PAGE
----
On a sunny Thursday morning in May, a group of therapy dog volunteers left the heat behind as they entered a Denver office building on Wynkoop Street. They were there to see the staff working at the Environmental Protection Agency’s (EPA) Region 8 headquarters.
The handlers and their companions made their way through airport-like security, showing their photo I.D., scanning any bags, and walking through a magnetometer, before signing in at the reception desk and being escorted to a conference room. The visit marked nearly a year since the “Dog Days at EPA” pilot program began.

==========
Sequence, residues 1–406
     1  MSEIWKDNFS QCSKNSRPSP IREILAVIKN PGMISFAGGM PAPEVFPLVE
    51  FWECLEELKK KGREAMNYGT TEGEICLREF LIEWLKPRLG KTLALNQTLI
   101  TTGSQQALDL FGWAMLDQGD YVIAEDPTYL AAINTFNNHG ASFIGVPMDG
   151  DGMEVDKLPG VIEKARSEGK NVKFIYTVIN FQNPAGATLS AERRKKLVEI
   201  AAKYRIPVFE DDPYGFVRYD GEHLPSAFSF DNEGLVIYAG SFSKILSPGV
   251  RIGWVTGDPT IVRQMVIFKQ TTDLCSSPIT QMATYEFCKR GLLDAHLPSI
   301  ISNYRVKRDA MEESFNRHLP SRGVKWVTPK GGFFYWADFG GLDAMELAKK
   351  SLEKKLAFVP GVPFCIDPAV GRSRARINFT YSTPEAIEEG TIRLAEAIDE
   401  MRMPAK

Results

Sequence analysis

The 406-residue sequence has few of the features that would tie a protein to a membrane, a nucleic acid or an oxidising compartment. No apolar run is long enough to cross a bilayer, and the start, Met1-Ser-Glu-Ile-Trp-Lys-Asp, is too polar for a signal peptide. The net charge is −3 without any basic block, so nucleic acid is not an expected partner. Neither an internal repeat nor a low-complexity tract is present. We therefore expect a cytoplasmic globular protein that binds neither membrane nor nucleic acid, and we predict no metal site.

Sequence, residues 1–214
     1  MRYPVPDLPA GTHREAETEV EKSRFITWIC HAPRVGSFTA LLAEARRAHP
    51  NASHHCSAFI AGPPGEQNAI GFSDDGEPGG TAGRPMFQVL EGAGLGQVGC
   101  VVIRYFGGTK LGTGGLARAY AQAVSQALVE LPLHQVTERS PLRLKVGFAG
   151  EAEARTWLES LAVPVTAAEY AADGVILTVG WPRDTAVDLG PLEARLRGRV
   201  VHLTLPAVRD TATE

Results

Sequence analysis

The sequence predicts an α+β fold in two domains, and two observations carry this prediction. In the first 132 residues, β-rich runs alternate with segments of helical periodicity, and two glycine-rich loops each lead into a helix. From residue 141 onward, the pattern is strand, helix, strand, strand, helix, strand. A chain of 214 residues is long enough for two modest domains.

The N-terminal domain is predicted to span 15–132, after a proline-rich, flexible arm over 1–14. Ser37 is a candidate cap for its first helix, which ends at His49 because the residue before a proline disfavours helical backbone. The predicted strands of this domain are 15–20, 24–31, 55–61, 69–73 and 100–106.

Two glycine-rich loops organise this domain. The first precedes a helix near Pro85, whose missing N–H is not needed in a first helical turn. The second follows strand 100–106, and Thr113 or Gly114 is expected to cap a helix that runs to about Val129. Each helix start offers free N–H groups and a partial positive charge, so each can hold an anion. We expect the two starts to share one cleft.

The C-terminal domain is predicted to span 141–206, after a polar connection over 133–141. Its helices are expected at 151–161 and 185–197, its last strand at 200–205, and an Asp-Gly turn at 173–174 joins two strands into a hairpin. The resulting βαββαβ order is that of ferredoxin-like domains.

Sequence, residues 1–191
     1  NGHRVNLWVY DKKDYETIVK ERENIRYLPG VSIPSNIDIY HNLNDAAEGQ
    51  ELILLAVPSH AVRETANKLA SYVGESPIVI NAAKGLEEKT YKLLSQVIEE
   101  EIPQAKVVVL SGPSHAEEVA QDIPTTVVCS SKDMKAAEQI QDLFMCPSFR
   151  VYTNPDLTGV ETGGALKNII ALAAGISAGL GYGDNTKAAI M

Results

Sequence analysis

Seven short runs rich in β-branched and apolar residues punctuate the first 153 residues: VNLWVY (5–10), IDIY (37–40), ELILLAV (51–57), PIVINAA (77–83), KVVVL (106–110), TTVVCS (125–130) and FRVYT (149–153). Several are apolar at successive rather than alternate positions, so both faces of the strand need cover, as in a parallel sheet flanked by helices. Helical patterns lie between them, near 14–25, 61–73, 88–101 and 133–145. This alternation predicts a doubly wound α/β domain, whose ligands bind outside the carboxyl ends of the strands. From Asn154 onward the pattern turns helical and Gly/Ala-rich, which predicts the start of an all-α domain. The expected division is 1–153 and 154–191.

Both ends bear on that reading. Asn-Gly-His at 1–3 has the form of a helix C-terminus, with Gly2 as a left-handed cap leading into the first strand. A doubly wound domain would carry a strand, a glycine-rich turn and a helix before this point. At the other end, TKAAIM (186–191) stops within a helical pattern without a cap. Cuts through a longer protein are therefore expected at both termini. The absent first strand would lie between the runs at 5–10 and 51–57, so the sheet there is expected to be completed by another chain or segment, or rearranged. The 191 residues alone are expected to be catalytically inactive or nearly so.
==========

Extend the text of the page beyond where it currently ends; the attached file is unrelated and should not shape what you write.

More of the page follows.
Since June 2017, therapy dogs have been providing stress relief services to those working in the regional EPA office. With the headquarters based in Denver, Colorado, those serving Region 8 are responsible for overseeing more than 10 million residents across the Great Plains and the Rocky Mountains.
The region covers six states including Utah, North and South Dakota, Wyoming and Montana, and 27 tribal areas. Water, mining, and Superfund sites are among the numerous environmental issues Region 8 staff deal with on a daily basis.
For about an hour each month, the dogs and their handlers spend time with EPA staff, according to emails and visitor logs obtained by ThinkProgress via Freedom of Information Act (FOIA) requests.